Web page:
I’m moving through a jungle. I’m moving quicker and quicker through this urban jungle. I’m running from the horde of modern “vampire-hunters” following me in this heartless, concrete jungle. Well, rather my place to exist, and not my home. My home I lost a long time ago.
It was a hot day. Hot enough for the bricks to seem to start sweating, hot enough that as I looked down the road, I saw the air shimmering above the bumpy road, and form a mirage. The day was too hot for this town, and everything was moving sluggishly, with only a few exceptions. Clouds of midges formed near the burn, and we prepared to defend ourselves, and this home we had made ours so long ago.
I wince as I remember that painfully hot afternoon. So long ago, yet the memory still hit me so hard. She had been in town that day, and one of them must have followed her. Now these same people were following me, her mate.
The people were coming for her, but I would defend her. I knew they would come as a horde, but even then, I was not prepared for the sheer number of people who came. That the townsfolk were a superstitious lot I knew, but so many? I looked at her, memorising every line and curve of her face, so that when I died, the last thing I would see would be the face of my mate.
She was the one that they took then, and today they would come for me. And, as it was last time, a sunny day this time. They knew that the light hurt me, otherwise why would they do this to themselves? And why hunt me? I only took the weak, the sick, those who couldn’t return.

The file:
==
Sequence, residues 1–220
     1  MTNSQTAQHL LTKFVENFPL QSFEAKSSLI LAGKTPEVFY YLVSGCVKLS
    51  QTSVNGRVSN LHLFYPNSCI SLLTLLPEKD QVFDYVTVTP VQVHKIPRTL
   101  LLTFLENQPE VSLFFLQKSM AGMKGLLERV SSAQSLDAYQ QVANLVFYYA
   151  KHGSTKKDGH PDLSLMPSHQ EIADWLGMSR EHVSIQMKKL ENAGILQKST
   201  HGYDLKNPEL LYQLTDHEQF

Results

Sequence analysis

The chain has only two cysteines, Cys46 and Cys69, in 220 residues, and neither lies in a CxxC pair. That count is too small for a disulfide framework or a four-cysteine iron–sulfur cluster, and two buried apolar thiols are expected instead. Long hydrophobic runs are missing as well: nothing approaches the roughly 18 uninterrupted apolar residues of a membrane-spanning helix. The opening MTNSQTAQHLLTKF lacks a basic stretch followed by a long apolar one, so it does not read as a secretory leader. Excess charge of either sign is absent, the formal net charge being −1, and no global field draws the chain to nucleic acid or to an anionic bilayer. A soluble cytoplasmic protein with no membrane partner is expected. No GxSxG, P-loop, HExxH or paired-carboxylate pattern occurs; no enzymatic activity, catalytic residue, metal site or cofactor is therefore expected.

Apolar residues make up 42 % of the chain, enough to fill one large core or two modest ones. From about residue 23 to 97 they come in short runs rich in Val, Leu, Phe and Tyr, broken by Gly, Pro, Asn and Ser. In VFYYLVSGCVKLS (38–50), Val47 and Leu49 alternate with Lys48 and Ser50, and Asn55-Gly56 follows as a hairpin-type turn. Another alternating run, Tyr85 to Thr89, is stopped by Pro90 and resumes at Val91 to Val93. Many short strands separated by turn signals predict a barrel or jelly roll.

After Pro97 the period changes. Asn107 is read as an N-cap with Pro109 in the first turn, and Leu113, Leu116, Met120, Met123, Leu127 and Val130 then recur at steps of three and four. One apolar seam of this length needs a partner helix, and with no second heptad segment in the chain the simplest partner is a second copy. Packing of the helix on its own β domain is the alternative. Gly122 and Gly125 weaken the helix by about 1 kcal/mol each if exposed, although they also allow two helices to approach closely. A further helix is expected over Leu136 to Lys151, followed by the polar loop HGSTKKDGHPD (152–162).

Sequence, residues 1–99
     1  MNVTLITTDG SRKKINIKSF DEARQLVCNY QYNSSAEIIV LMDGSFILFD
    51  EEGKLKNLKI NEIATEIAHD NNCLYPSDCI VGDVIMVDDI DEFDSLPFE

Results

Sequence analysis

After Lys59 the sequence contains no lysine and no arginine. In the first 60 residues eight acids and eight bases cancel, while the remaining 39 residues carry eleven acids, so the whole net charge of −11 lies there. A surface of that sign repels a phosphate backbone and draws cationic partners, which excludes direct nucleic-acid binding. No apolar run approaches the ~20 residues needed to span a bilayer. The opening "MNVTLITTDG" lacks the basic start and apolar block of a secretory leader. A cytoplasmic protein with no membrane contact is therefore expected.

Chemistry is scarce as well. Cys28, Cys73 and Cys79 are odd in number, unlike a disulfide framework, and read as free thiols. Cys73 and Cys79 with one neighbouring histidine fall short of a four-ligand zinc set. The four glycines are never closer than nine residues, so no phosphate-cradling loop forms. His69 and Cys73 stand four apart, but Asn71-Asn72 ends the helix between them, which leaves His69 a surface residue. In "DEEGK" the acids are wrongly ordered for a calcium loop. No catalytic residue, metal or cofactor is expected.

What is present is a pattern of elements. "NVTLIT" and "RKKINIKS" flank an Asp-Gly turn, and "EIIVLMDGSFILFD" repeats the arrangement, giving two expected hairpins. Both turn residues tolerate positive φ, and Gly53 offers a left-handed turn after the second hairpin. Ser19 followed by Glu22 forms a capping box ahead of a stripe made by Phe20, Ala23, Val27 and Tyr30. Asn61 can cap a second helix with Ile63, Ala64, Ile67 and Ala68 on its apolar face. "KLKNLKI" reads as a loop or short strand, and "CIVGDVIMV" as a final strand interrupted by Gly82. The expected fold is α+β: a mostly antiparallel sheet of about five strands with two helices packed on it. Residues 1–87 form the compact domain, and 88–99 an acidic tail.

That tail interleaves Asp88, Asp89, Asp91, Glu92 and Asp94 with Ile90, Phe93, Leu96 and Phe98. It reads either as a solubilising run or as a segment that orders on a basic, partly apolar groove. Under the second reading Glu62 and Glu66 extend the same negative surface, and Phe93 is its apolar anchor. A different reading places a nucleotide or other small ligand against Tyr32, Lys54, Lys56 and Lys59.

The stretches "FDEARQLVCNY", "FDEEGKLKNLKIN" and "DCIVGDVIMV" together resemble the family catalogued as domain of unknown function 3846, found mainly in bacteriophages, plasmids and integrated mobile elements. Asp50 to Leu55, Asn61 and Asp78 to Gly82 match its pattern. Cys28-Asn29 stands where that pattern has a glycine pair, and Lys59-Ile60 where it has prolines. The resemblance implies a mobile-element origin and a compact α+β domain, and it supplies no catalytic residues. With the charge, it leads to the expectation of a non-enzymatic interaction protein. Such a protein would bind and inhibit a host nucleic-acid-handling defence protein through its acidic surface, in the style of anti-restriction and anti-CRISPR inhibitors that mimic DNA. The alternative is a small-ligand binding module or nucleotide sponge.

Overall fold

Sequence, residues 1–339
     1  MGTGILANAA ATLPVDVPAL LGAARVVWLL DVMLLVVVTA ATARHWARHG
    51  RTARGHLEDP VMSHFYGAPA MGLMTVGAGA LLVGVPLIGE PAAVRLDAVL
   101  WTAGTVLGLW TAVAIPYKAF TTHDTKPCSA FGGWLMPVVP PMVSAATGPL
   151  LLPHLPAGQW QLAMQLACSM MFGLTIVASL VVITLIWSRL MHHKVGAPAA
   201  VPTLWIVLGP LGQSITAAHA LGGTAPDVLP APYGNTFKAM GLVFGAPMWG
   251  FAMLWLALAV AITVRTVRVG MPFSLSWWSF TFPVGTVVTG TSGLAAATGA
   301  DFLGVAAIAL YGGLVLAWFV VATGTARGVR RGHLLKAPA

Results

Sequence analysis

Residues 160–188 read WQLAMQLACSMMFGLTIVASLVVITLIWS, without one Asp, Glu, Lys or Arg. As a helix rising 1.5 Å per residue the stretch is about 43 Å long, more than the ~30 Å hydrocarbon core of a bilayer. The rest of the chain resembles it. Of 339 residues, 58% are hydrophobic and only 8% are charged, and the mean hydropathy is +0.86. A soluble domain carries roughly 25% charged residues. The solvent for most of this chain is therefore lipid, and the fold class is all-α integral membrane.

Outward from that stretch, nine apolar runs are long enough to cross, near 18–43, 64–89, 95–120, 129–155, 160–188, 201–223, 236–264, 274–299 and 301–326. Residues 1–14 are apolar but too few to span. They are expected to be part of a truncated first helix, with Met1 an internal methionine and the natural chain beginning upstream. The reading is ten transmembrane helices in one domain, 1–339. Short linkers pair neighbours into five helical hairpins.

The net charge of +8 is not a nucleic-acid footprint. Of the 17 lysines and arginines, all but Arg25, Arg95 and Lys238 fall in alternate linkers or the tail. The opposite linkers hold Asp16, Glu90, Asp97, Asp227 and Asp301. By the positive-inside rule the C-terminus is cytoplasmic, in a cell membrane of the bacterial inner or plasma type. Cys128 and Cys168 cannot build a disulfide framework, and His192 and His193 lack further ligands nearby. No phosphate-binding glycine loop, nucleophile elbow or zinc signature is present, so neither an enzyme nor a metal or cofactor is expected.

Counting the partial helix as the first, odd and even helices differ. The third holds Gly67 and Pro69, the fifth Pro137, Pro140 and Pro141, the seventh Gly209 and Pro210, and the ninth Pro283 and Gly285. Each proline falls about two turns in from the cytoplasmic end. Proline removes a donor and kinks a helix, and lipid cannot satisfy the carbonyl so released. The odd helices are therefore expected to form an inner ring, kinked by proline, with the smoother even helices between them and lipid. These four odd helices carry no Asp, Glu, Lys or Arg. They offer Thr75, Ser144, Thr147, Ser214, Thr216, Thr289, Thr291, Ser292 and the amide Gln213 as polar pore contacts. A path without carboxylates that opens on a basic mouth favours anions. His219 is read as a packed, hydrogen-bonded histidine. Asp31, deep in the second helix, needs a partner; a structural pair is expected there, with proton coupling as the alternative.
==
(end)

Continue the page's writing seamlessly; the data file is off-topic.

If they somehow got by me, I didn’t know what I’d do. I knew that I might just let them kill me so that they wouldn’t hurt her, my wonderful being. I wanted to run with her, but I knew that if we did, we could never return.
These memories wouldn’t help me now, I need my wits around me. I look around, hearing a sharp whistle, and feel something pierce my skin. I look down, at the short, barbed bolt, blinking red at its back. And a feeling of dread and also a strange calm surrounds me. The light changes, and the arrow explodes, blowing me backwards in a trail of long-dead entrails, fresh blood and hot shrapnel. Now the crowd is bearing upon me. I hear them, and begin to stand up again, knowing that I need to rest a night for my stomach to piece itself back together. But now my assailant steps out, and I gasp as I recognise her face.